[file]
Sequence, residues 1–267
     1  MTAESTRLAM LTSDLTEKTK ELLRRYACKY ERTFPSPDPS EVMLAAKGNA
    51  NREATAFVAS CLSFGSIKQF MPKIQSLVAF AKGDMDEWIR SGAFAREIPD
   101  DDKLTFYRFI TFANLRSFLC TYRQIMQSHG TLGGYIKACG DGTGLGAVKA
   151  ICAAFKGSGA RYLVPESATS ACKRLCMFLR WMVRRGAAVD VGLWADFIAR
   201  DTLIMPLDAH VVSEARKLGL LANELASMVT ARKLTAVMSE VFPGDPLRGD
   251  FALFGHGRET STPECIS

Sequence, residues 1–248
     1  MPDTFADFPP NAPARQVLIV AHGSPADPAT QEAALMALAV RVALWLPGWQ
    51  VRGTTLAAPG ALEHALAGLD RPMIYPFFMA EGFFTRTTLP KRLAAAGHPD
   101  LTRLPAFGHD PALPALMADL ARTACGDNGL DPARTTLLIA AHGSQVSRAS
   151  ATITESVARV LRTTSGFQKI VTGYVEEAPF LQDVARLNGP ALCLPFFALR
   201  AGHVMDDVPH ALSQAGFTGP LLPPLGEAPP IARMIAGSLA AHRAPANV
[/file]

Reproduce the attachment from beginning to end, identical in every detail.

Sequence, residues 1–267
     1  MTAESTRLAM LTSDLTEKTK ELLRRYACKY ERTFPSPDPS EVMLAAKGNA
    51  NREATAFVAS CLSFGSIKQF MPKIQSLVAF AKGDMDEWIR SGAFAREIPD
   101  DDKLTFYRFI TFANLRSFLC TYRQIMQSHG TLGGYIKACG DGTGLGAVKA
   151  ICAAFKGSGA RYLVPESATS ACKRLCMFLR WMVRRGAAVD VGLWADFIAR
   201  DTLIMPLDAH VVSEARKLGL LANELASMVT ARKLTAVMSE VFPGDPLRGD
   251  FALFGHGRET STPECIS

Sequence, residues 1–248
     1  MPDTFADFPP NAPARQVLIV AHGSPADPAT QEAALMALAV RVALWLPGWQ
    51  VRGTTLAAPG ALEHALAGLD RPMIYPFFMA EGFFTRTTLP KRLAAAGHPD
   101  LTRLPAFGHD PALPALMADL ARTACGDNGL DPARTTLLIA AHGSQVSRAS
   151  ATITESVARV LRTTSGFQKI VTGYVEEAPF LQDVARLNGP ALCLPFFALR
   201  AGHVMDDVPH ALSQAGFTGP LLPPLGEAPP IARMIAGSLA AHRAPANV